Read the text below, preferably aloud. As you hear the word, “listen with the ear of your heart” for a word or short phrase that God has for you this day.
He was despised and rejected by others;
a man of suffering and acquainted with infirmity;
and as one from whom others hide their faces
he was despised, and we held him of no account.
Surely he has borne our infirmities
and carried our diseases;
yet we accounted him stricken,
struck down by God, and afflicted.
But he was wounded for our transgressions,
crushed for our iniquities;
upon him was the punishment that made us whole,
and by his bruises we are healed.
All we like sheep have gone astray;
we have all turned to our own way,
and the Lord has laid on him
the iniquity of us all.
He was oppressed, and he was afflicted,
yet he did not open his mouth;
like a lamb that is led to the slaughter,
and like a sheep that before its shearers is silent,
so he did not open his mouth.
The ancient Jews carried with them a strong sense of their sins, how they themselves had turned away from God and endangered that most special of relationships. The stories they carried with them, their heritage, told them that while God had kept faith, they had turned away time and time again. In part because of this deep awareness of having turned from God, the role of animal sacrifices was extremely important. Because of God’s mercy, the blood shed when the animal was offered took the place of the debt owed by the sinner.
By the time of this writing from Isaiah, sacrifice had become an integral part of the Jewish world. It had been written down and filtered into precise formulas, and became a practice that was often abused. What had begun as a sinner humbly recognizing the enormity of a debt and the inability to pay it had become a license to feel okay about the sin and get back to more important worldly tasks.
The prophets, a group defined by their willingness to go against the grain, spoke out again this. In Isaiah 1:11,16-17 we find:
What to me is the multitude of your sacrifices?
says the Lord;
I have had enough of burnt-offerings of rams
Wash yourselves; make yourselves clean;
remove the evil of your doings
from before my eyes;
cease to do evil,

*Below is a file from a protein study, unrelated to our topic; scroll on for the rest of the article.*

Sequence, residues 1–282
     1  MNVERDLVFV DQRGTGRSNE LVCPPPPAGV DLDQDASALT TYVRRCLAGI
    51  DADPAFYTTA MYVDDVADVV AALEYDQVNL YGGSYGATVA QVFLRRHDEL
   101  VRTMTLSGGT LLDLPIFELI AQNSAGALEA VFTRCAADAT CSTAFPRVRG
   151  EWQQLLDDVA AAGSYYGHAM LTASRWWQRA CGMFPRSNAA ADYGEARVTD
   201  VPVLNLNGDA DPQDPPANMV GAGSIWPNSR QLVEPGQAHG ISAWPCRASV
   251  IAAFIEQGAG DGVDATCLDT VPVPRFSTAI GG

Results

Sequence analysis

learn to do good;
rescue the oppressed,
defend the orphan,
plead for the widow.
It was the meaning behind the sacrifice that really mattered, not the ritualistic practice itself. It is interesting that this is the context for the Suffering Servant passage. Scholars attest that there are actually multiple authors (i.e. First Isaiah, Second Isaiah) at play here, yet the message was nonetheless interwoven into this context of true sacrifice.
The “suffering servant” is the extreme atoning sacrifice. All sins are made up for because of the willingness of this servant to silently suffer extreme agony. Yet…that is not enough. The people must humbly recognize where they have gone wrong so that the sacrifice has value. Isaiah has to convince the people that like mindless sheep, we have all gone astray. The underlying change must take place; the people cannot hold him “of no account” any longer.
To modern Christians who identify Jesus as the suffering servant, this idea is familiar. Somehow Jesus’ death brings atonement (one of the few theological words derived from English: at-one-ment), restoring God and us together. But we have to accept it, realizing the truth of the situation and allowing ourselves to be changed.
Doing so requires that we take a good look at where we have gone wrong. How have we been unkind? From whom do we hide our faces? How has our society been unjust? In a sense, this is the Lenten journey.
© Suffering Servant, Donald Jackson, 2005. The Saint John’s Bible, Order of Saint Benedict, Collegeville, Minnesota. Scripture quotations are from the New Revised Standard Version of the Bible, Catholic Edition, © 1993, 1989 National Council of the Churches of Christ in the United States of America. Used by permission. All rights reserved.